Due to Covid-19, we’re all learning new ways of doing things. For many physicians, that has meant diving head first into telehealth. But navigating our new way of patient care from behind a screen can be difficult. Physician coaching skills can help improve patient connections – especially when engaging in telehealth.
Using Coaching Skills in Patient Interactions
Coaching is a collaborative relationship that allows the coachee to improve intrinsic motivation and self-monitoring to more easily achieve significant goals. Simply put, coaching is helping someone navigate challenges themselves rather than doing it for them.
Professional coaching has been extremely helpful to me. I have been involved with some form of professional coaching, mostly as a client, for about 4 years now. I have even taken a few short physician educational courses to further develop my coaching skills with the goal of gaining a deeper understanding of professional coaching. I am always curious to see how I can improve my coaching skills to help others. In daily interactions with my patients, co-workers, and family – especially my children – I use coaching skills that I’ve learned over the years.
When I read a 2020 review paper from JAMA titled “Practices to Foster Physician Presence and Connection with Patients in the Clinical Encounter” in which the authors describe 5 evidence-based practices that can allow one to better connect with patients (1), it made me think about how closely the practices resemble coaching skills. At a time when connecting with our patients has become an even bigger challenge, and increasingly important as their trips to the doctor become less frequent, it’s important to leverage every available opportunity to help them.
How Coaching Skills Improve Telehealth Visits
While telehealth visits offer many great opportunities to improve patient care during COVID-19 and beyond, technology can also induce anxiety for patients and physicians alike. Telehealth visits can be filled with anxiety and we should do whatever we can to improve the quality of our patient interactions. For example, trying to do telehealth with a patient who has minimal technology experience can be stressful for both the patient and the physician. Having difficult encounters over telehealth (such as discussing poor outcomes with patients) can be anxiety-provoking as well. I suggest trying these 5 practices to improve your telehealth visits:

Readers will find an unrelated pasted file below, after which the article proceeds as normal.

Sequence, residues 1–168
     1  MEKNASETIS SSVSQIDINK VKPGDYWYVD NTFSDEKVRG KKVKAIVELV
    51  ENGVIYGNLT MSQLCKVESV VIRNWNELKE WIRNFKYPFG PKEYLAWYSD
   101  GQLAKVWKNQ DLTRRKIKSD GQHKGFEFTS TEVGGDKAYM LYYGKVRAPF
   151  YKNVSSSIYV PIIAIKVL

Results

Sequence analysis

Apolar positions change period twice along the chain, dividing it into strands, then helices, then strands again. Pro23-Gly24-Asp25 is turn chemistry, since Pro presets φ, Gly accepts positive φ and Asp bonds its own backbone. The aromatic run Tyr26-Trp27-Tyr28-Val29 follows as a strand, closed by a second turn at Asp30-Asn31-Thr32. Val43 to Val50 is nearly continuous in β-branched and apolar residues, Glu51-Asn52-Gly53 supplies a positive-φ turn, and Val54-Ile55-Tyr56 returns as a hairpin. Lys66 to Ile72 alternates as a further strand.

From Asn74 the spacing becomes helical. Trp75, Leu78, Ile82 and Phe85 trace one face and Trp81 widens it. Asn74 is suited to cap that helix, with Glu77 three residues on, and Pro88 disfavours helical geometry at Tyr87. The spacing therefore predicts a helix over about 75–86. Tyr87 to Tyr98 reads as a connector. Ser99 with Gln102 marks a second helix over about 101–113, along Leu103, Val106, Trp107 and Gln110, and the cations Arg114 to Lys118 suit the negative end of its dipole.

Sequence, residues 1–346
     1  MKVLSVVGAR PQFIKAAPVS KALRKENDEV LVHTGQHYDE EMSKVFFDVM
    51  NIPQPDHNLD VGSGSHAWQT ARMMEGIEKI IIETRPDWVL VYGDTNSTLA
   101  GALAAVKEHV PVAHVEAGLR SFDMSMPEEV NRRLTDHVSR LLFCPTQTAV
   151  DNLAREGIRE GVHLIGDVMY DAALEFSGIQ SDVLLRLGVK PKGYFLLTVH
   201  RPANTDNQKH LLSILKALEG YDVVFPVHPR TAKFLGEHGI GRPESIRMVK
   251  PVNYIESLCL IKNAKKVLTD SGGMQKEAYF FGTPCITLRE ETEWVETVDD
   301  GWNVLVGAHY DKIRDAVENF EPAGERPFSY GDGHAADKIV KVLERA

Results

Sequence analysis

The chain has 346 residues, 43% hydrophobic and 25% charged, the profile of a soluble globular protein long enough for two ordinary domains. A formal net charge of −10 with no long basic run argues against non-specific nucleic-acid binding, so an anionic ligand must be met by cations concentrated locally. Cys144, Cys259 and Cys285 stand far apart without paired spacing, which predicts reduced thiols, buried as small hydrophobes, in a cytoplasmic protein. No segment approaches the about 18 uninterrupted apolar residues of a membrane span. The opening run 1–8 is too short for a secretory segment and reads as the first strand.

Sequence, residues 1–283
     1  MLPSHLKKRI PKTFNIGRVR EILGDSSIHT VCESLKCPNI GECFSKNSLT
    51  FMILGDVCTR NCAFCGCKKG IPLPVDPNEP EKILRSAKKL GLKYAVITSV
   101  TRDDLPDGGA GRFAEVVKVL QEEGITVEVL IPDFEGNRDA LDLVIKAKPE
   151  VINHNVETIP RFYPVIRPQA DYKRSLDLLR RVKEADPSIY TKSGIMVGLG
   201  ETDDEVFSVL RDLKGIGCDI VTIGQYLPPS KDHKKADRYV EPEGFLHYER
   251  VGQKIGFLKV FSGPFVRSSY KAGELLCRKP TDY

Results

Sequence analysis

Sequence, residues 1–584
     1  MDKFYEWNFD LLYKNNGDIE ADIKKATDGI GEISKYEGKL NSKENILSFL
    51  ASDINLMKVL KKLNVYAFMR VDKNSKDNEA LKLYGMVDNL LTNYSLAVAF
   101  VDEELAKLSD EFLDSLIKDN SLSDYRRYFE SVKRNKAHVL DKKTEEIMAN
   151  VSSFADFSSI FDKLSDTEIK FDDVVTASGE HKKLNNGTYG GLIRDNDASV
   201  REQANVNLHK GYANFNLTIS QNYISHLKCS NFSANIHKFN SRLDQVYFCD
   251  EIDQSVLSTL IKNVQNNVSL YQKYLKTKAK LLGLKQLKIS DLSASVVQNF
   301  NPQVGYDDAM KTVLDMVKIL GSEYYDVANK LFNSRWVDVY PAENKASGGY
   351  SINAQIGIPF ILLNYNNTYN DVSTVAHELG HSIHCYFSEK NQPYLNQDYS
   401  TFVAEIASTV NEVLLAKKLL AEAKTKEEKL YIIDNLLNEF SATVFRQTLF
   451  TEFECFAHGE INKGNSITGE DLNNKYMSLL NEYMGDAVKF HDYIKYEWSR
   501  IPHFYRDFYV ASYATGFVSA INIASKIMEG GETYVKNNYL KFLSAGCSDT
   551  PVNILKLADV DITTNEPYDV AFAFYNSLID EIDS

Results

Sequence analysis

- Prepare with Intention – take a moment to focus before greeting the patient.
- Listen Intently and Completely – use active listening skills so the patient knows they are heard.
- Agree on What Matters the Most for the Patient – summarize back to them what you heard them say and agree on moving forward steps.
- Connect with the Patient’s Story – acknowledge positive changes they made and celebrate their successes.
- Explore Emotional Cues – notice, name, and validate the patient’s emotions.
The above evidence-based practices have been shown to increase the degree of physician presence and meaningful connection with patients in the clinical encounter, and we should be applying them to our telehealth visits too. Again, these are the exact same skills we use in coaching! I think of all the patients I see in a week, and how each and every encounter is another opportunity to practice these coaching or patient communication skills and explore how powerful they can be.
Think about the best patient encounters you have had. They are not just dependent upon the diagnosis. They are probably occurring most often in patients with whom you have a meaningful connection. If you practice these skills intentionally, you will begin to have more meaningful connections with patients and others!
Do you remember your best patient encounters? What stood out to you? Tell us in the discussion thread below.
Do you have something to share? Contribute! Email Team@SurgeonMasters.com
Ryan Will, MD
Ryan is a board-certified and fellowship-trained orthopaedic surgeon specializing in trauma care. After finishing his orthopaedic residency at the University of Pittsburgh Medical Center Hamot in Erie, Pennsylvania, he completed an orthopaedic trauma fellowship at Regions Hospital in St. Paul, Minnesota. When he is not seeing patients or coaching, Dr. Will enjoys hiking, mountain climbing, cooking, and spending time with his family.